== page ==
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Stir-fried Baby Bok Choy with Pork

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It was the end of a day of appointments, non-stop rains and as I walked into the house, I could only think of one thing to cook quickly for dinner: Stir-fried Baby Bok Choy with Ground Pork. I had purchased a heap of fresh baby bok choys from the Asian market and couldn’t wait to cook them.

This vegetable is a type of Chinese cabbage. They look similar to our Filpino pechay, a type of cabbage grown in the Philippines. Baby bok choys are mini versions of the regular bok choy. In some Asian markets, they are labeled as pak choy or pok choi.

The Baby Bok Choy is harvested earlier and thus have a sweeter flavor and more tender leaves. To me, since they are shorter, are faster to slice and prep. The smaller bundles are easy to grab and add to different dishes: Pancit bihon or canton, Chicken Mami soup, Nilagang Baka or Nilagang Baboy stews, Chop Suey and many more Filipino dishes.

In my childhood home in Tarlac, my father used to grow pechay (a larger, longer type of cabbage) in our backyard. I would go along with my dad to the back of our house when he harvested the pechay, and he made me carry a few. From a child’s eyes, I was fascinated by the long, dark green leaves that seemed like large petals. Later, my mother would cook them in basic guisado (sautéed) dishes for lunch and dinner.

In my American kitchen, as I stir-fried the ingredients in the skillet, I marveled at the vivid sight of the crisp, jade green shreds. The sweet, silky bok choy blended well with the pork flavored in soy sauce and  piercing citrus-flavored calamansi. This was a wholesome entree which I knew would be on my menu constantly.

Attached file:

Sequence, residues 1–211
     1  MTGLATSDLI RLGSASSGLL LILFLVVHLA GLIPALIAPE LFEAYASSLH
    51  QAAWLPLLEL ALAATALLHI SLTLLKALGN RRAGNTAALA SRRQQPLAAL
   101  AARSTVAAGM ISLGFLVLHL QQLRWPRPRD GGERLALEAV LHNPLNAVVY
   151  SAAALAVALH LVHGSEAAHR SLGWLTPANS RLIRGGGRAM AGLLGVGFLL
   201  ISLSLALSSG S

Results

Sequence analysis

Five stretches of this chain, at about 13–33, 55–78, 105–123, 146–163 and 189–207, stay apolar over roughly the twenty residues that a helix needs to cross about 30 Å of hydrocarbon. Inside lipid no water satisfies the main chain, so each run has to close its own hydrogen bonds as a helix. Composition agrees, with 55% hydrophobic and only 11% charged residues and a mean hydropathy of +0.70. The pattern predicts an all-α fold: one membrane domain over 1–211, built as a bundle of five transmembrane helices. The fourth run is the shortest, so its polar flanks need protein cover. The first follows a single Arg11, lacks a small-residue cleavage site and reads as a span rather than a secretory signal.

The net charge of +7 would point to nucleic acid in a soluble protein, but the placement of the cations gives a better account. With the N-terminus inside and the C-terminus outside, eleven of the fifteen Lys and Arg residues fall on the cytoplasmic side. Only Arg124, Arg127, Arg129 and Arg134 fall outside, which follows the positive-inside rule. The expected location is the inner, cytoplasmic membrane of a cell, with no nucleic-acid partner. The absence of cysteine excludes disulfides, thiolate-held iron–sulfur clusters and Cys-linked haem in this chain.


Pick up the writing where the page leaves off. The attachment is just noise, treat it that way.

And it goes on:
Stir-fried Baby Bok Choy with Pork

Stir-fried Baby Bok Choy with Ground Pork has a semblance to many sautéed and stir-fried Filipino dishes. Philippine cooking consists of a lot of backyard vegetables like Baby Bok Choy. The Filipino version of this type of cabbage is perhaps the pechay and I recall how my father grew them in our backyard, then harvested them in time for my mother to cook for lunch or dinner. Nowadays, I like to cook with Baby Bok Choy often like this dish mixed with pork and flavored with soy sauce and calamansi. The short, silky stems and dark green leaves cook quickly whether I mix it into stir-fries or stews. This is an Asian in America recipe. Serves 2 to 4 as a side or main dish.
*I offer two ways to cook this in the procedure: On the stove-top or in the Instant Pot.
Prep Time10 mins
Cook Time20 mins
Total Time30 mins
Course: Dinner, Lunch, Main Course, Side Dish, Vegetables
Cuisine: American, Asian, Filipino
Keyword: Filipino Stir-fried Baby Bok Choy Pork
Servings: 2 people
Calories: 197kcal

Equipment

  • large skillet or wok
  • Instant Pot multi-cooker

Ingredients

  • 2 Tablespoons vegetable oil
  • 4 cloves garlic minced
  • 1 whole onion sliced
  • 1/2 pound lean ground pork
  • 1 whole medium-sized carrot peeled, sliced
  • 1/2 cup soy sauce
  • 2 Tablespoons calamansi or lemon juice
  • 3/4 cup vegetable or chicken broth or use water
  • 1 pound baby bok choy hard bottoms removed, sliced in shreds about 2-inches length (about 4 cups, shredded)
  • 1 teaspoon salt
  • 1 teaspoon ground black pepper

Instructions

To prepare the Baby Bok Choy: